source url thesis statement for compare and contrast poems hair salon business plan go to site does cialis make you bigger where to buy generic viagra in australia red cialis generic sildenafil teaching case study template essay plan https://creativephl.org/pills/toradol-order-online/33/ see viagra sales online go to site topics in research paper viagra makes me last longer https://climbingguidesinstitute.org/6441-air-pollution-essay-with-pictures/ how to write a personal statement about career goals nursing essay example different type of viagra sample thesis about nature vs nurture source link http://v-nep.org/classroom/samples-research-papers-apa-style/04/ bca resume format for freshers download generic female viagra http://mce.csail.mit.edu/institute/24-homework-help/21/ does walmart have over the counter viagra https://greenechamber.org/blog/buy-professional-cheap-essay-on-presidential-elections/74/ http://www.safeembrace.org/mdrx/howlin-wolf-viagra-ad/68/ viagra blue diamond the best essay writers see url In most of the places I’ve lived, death has always been a pretty somber affair. The requisite black attire, the hushed whispers, casseroles, lots of casseroles. Alas, things are quite different in New Orleans – here, we 2nd line…
I didn’t know the deceased, Jimmy Glickman, but my good friend, musician Kate Burgun, had known him for years. Legendary music venue Tipitina’s held a “Celebration of Life” event where I learned he was a legend in the NOLA music scene. He held court at his award-winning store, New Orleans Music Exchange (14 Best of the Beat Awards + 4 for Best Pro Audio Store), located at the corner of Louisiana and Magazine Streets. He was also a frequent contributor to the Tipitina’s Foundation’s annual Instruments A Comin’ benefit event, which held the musical tribute yesterday in his honor.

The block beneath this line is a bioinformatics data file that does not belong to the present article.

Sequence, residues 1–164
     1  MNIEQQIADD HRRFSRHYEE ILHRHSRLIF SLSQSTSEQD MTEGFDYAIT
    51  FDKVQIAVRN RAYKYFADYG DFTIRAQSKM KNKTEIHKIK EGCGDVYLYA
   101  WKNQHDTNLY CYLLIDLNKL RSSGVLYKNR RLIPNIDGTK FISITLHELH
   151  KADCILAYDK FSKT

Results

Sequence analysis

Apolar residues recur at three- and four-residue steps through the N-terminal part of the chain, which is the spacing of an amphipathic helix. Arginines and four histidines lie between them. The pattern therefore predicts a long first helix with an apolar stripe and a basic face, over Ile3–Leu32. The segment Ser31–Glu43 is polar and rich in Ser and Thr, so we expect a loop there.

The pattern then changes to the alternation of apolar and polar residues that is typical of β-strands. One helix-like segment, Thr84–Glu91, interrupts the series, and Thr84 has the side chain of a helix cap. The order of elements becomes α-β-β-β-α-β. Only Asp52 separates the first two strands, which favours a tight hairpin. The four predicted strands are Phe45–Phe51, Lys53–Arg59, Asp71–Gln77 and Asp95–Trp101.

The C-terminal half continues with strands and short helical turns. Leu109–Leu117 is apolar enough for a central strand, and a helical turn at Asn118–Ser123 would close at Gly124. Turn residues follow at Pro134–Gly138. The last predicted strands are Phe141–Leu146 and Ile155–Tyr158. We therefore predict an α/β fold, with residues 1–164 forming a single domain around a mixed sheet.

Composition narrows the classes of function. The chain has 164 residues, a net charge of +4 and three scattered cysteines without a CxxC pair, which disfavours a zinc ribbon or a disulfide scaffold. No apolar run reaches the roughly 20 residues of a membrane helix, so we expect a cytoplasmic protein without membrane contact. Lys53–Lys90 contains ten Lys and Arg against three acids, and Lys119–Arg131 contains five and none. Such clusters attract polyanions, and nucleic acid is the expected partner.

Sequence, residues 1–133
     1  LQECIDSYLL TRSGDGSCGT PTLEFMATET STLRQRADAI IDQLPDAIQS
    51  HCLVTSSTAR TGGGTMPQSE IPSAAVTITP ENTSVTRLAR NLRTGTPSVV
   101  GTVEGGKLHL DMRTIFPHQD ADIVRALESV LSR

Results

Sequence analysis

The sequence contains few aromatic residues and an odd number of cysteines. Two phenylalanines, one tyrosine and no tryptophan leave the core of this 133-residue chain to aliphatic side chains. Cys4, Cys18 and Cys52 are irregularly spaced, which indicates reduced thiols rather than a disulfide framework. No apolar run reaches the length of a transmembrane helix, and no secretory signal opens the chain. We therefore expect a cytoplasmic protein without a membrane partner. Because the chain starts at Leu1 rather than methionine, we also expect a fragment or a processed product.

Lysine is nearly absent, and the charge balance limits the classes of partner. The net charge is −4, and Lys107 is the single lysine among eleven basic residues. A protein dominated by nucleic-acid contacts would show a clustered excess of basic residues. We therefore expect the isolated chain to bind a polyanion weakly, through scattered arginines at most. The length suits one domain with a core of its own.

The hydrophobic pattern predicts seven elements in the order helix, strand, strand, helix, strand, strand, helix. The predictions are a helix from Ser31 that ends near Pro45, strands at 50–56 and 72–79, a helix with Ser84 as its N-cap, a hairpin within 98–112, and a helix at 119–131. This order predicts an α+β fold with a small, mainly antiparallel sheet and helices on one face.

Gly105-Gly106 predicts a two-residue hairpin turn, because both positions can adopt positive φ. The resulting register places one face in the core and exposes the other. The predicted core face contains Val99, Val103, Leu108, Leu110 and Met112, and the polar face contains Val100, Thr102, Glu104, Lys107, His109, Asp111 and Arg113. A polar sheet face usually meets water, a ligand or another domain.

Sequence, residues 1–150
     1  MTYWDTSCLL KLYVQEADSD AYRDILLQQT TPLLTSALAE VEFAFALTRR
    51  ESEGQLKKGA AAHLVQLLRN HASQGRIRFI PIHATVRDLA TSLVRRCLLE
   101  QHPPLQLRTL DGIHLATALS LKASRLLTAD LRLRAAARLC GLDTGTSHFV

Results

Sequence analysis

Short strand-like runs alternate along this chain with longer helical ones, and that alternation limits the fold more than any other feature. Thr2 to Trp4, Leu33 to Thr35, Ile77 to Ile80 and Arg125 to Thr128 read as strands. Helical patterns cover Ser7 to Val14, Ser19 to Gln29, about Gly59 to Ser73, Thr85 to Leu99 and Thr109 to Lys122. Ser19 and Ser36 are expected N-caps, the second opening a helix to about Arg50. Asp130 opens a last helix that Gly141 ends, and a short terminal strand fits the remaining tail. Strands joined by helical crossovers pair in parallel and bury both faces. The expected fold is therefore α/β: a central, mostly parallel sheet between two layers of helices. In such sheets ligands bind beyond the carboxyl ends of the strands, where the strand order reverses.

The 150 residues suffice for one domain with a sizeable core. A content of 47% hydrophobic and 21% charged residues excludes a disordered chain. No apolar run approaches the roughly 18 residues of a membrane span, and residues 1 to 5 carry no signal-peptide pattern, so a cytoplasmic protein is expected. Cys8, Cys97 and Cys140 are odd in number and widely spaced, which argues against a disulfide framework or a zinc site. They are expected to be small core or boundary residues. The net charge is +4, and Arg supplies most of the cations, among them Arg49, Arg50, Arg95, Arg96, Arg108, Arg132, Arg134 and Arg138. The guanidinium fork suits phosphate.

The afternoon was packed with various musicians performing tribute songs for Jimmy. Musician Marc Stone shared a lovely story “After Katrina, my house was under water and even though he already had 10 people staying with him who were also displaced, Jimmy opened his home to me while I tried to rescue what I could. He was just that kinda guy.”
Jimmy was also very supportive of many local musician-oriented non-profits, such as the New Orleans Musicians Clinic. He also contributed musical instruments to the Landry Walker Marching Band who played during yesterday’s event:
Now, back to that second line. Having been to New Orleans for several weddings, I was familiar with second line tradition. It’s basically a parade with a brass band leading the way and revelers walking behind dancing and twirling umbrellas or handkerchiefs (although not necessary). To give you a feel for what it’s like in the middle of the parade:
Another view of the second line and revelers:
Meanwhile, our fearless second line leader – The Dancing Man – who certainly had the moves down!
Kate and I spoke about what a legacy this man left behind – how hundreds came out to celebrate his too-short life (he died at just 52) and how hundreds (if not thousands) more would be forever touched by his financial generosity as well as generosity of spirit. One can only hope to have such a fitting tribute when our time comes.
So, good-bye to Jimmy Glickman, a man who touched so many, yet not enough.